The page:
(15)\[\begin{split} W_{\begin{array}{l} n_1 n_2 \mathbf{k}_1 \\ n_5 n_6 \mathbf{k}_5 \end{array}} ( \mathbf{q}) = \int d \mathbf{r} d \mathbf{r}^{\prime} \psi_{n_1 \mathbf{k}_1}(\mathbf{r}) \psi_{n_2 \mathbf{k}_1 + \mathbf{q}}^{\ast}(\mathbf{r}^{\prime}) \frac{\epsilon^{-1}( \mathbf{r}, \mathbf{r}^{\prime}; \omega=0 )}{| \mathbf{r}-\mathbf{r}^{\prime} |} \psi^{\ast}_{n_5 \mathbf{k}_5}(\mathbf{r}) \psi_{n_6 \mathbf{k}_5 + \mathbf{q}}(\mathbf{r}^{\prime})\end{split}\]

The response function in the electron-hole pair space, according to Eq. (12) and (13) becomes

(16)\[\begin{split}\chi_{\begin{array}{l} n_1 n_2 \mathbf{k}_1 \\ n_3 n_4 \mathbf{k}_3 \end{array}} (\mathbf{q}, \omega) = \sum_{\lambda \lambda^{\prime}} \frac{A^{n_1 n_2 \mathbf{k}_1}_{\lambda} A^{n_3 n_4 \mathbf{k}_3}_{\lambda^{\prime}} N^{-1}_{\lambda \lambda^{\prime}}}{E_{\lambda} - \omega} (f_{n_2 \mathbf{k}_1 + \mathbf{q}} - f_{n_1 \mathbf{k}_1})\end{split}\]

Transform between electron-hole pair space and reciprocal space

The physical quantities such as macroscopic dielectric function (refer to Dielectric function and its relation to spectra) are related to the long wavelength limit \((\mathbf{G}=0, \mathbf{G}^{\prime}=0)\) component of the response function \(\chi_{\mathbf{G} \mathbf{G}^{\prime}}\). Its relation to the response function in electron-hole pair space \(\chi_{\begin{array}{l} n_1 n_2 \mathbf{k}_1\\ n_3 n_4 \mathbf{k}_3 \end{array}}\) is written as

(17)\[\begin{split}\chi_{\mathbf{G} \mathbf{G}^{\prime}} (\mathbf{q}, \omega) = \frac{1}{\Omega} \sum_{\begin{array}{l} n_1 n_2 \mathbf{k}_1 \\ n_3 n_4 \mathbf{k}_3 \end{array}} \chi_{\begin{array}{l} n_1 n_2 \mathbf{k}_1\\ n_3 n_4 \mathbf{k}_3 \end{array}} (\mathbf{q},\omega) \ \ \rho_{\begin{array}{l} n_1 \mathbf{k}_1 \\ n_2 \mathbf{k}_1 + \mathbf{q} \end{array}} (\mathbf{G}) \ \ \rho^{\ast}_{\begin{array}{l} n_3 \mathbf{k}_3 \\ n_4 \mathbf{k}_3 + \mathbf{q} \end{array}} (\mathbf{G}^{\prime})\end{split}\]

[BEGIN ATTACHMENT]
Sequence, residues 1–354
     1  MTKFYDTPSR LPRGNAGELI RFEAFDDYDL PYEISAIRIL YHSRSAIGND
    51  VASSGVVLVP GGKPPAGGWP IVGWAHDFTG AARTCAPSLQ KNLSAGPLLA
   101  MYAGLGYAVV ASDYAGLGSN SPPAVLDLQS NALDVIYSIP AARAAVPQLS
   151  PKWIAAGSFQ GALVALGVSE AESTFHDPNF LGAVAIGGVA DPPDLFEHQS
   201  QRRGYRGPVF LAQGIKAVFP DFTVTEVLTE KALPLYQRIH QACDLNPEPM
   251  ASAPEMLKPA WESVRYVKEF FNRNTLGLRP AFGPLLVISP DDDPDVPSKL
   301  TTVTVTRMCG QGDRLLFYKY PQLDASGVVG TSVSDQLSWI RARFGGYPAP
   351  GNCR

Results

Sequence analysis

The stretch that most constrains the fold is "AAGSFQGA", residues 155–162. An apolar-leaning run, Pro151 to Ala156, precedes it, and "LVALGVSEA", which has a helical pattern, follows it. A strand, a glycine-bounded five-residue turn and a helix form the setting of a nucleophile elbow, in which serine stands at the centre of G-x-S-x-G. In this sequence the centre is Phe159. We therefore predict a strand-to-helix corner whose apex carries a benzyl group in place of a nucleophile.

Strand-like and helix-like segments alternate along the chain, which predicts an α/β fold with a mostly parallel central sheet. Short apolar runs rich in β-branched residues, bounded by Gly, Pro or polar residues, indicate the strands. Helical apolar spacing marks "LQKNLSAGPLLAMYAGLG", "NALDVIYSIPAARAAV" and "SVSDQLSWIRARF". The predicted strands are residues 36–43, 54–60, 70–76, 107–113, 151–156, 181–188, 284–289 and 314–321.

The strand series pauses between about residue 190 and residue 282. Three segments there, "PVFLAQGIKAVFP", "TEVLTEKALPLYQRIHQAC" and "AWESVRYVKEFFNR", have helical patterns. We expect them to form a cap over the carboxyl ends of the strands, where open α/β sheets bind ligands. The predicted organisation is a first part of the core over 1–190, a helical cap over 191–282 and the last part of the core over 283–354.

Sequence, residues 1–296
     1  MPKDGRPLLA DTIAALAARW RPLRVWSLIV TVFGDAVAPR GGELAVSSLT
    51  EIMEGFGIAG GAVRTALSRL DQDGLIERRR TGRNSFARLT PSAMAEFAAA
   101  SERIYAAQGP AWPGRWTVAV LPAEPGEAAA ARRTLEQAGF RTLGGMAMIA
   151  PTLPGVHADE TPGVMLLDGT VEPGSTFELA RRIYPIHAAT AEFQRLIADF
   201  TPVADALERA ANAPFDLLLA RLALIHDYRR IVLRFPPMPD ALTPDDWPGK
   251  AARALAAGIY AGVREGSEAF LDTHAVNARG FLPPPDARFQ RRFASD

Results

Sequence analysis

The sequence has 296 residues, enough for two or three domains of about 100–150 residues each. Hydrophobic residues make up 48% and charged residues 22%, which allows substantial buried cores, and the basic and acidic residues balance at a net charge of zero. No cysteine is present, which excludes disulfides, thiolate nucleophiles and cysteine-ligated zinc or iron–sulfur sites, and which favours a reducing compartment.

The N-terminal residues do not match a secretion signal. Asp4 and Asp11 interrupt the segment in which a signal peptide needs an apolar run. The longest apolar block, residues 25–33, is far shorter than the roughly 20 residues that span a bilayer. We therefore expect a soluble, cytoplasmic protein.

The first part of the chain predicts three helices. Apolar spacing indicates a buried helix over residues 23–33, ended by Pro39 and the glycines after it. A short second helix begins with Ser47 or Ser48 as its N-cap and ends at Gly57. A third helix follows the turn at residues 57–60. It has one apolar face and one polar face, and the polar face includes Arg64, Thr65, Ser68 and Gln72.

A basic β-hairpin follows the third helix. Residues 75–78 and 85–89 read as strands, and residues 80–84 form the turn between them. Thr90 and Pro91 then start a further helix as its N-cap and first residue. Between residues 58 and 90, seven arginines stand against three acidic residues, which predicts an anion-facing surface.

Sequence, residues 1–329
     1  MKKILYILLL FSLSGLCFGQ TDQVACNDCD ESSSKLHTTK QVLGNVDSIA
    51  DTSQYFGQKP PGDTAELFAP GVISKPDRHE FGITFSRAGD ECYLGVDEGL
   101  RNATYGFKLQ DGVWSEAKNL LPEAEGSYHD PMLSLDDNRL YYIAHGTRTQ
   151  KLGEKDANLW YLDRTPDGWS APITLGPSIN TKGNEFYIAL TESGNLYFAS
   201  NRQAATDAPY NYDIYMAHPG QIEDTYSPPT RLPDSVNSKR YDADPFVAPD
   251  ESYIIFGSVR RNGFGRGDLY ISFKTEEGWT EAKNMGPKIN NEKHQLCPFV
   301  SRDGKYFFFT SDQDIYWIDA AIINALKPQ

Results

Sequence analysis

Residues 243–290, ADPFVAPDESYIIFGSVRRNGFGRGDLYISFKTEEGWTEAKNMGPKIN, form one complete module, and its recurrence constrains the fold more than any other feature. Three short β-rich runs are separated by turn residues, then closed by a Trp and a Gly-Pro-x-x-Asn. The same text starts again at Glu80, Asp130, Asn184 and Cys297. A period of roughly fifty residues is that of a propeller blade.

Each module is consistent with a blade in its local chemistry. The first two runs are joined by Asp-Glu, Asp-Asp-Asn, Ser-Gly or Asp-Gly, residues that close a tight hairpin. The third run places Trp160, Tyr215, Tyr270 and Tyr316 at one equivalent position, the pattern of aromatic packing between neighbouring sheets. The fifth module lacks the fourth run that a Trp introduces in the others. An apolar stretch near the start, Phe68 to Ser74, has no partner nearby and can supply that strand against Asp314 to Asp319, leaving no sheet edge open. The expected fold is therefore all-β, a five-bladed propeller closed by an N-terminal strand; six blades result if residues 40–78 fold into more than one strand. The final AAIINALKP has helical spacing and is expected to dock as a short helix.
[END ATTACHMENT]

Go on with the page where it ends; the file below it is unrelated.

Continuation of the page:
where the charge density matrix \(\rho (\mathbf{G})\) is defined as:

\[\begin{split}\rho_{\begin{array}{l} n_1 \mathbf{k}_1 \\ n_2 \mathbf{k}_1 + \mathbf{q} \end{array}} (\mathbf{G}) \equiv \langle \psi_{n_1 \mathbf{k}_1} | e^{-i(\mathbf{q}+\mathbf{G}) \cdot \mathbf{r} } | \psi_{n_2 \mathbf{k}_1 + \mathbf{q}} \rangle\end{split}\]

Employing Fourier transform

\[\frac{1}{| \mathbf{r}-\mathbf{r}^{\prime} |} = \frac{1}{\Omega} \sum_{\mathbf{q} \mathbf{G}} \frac{4\pi}{ | \mathbf{q} + \mathbf{G}|^2 } e^{i ( \mathbf{q} + \mathbf{G}) \cdot ( \mathbf{r} - \mathbf{r}^{\prime} ) }\]
\[\int d \mathbf{r}^{\prime \prime}\frac{\epsilon^{-1}(\mathbf{r},\mathbf{r}^{\prime \prime}) }{| \mathbf{r}^{\prime \prime}-\mathbf{r}^{\prime} |} = \frac{1}{\Omega} \sum_{\mathbf{q} \mathbf{G} \mathbf{G}^{\prime} } e^{i ( \mathbf{q} + \mathbf{G}) \cdot \mathbf{r} } \frac{4\pi \epsilon^{-1}_{\mathbf{G} \mathbf{G}^{\prime}} (\mathbf{q}) }{ | \mathbf{q} + \mathbf{G}|^2 } e^{-i ( \mathbf{q} + \mathbf{G}^{\prime}) \cdot \mathbf{r}^{\prime} }\]

where \(\Omega\) is the volume of the unit cell, \(V\) and \(W\) in Eq. (14) and (15) can then be written respectively as

(18)\[\begin{split}V_{\begin{array}{l} n_1 n_2 \mathbf{k}_1 \\ n_5 n_6 \mathbf{k}_5 \end{array}} ( \mathbf{q}) =\sum_{\mathbf{G}} \rho^{\ast}_{\begin{array}{l} n_1 \mathbf{k}_1 \\ n_2 \mathbf{k}_1 + \mathbf{q} \end{array}} (\mathbf{G}) \ \frac{4\pi}{| \mathbf{q} + \mathbf{G}|^2} \ \rho_{\begin{array}{l} n_5 \mathbf{k}_5 \\ n_6 \mathbf{k}_5 + \mathbf{q} \end{array}} (\mathbf{G})\end{split}\]
\[\begin{split}W_{\begin{array}{l} n_1 n_2 \mathbf{k}_1 \\ n_5 n_6 \mathbf{k}_5 \end{array}} ( \mathbf{q}) = \sum_{\mathbf{G} \mathbf{G}^{\prime}} \rho^{\ast}_{\begin{array}{l} n_1 \mathbf{k}_1 \\ n_5 \mathbf{k}_5 \end{array}} (\mathbf{G}) \ \frac{4\pi \epsilon^{-1}_{\mathbf{G} \mathbf{G}^{\prime}} (\mathbf{q}; \omega=0) }{| \mathbf{q} + \mathbf{G}|^2} \ \rho_{\begin{array}{l} n_2 \mathbf{k}_1 + \mathbf{q} \\ n_6 \mathbf{k}_5 + \mathbf{q} \end{array}} (\mathbf{G}^{\prime})\end{split}\]

Dielectric function and its relation to spectra

The dielectric matrix is related to the density response matrix by

\[\epsilon^{-1}_{\mathbf G \mathbf G^{\prime}}(\mathbf q, \omega) = \delta_{\mathbf G \mathbf G^{\prime}} + \frac{4\pi}{|\mathbf q + \mathbf G|^2} \chi_{\mathbf G \mathbf G^{\prime}}(\mathbf q, \omega)\]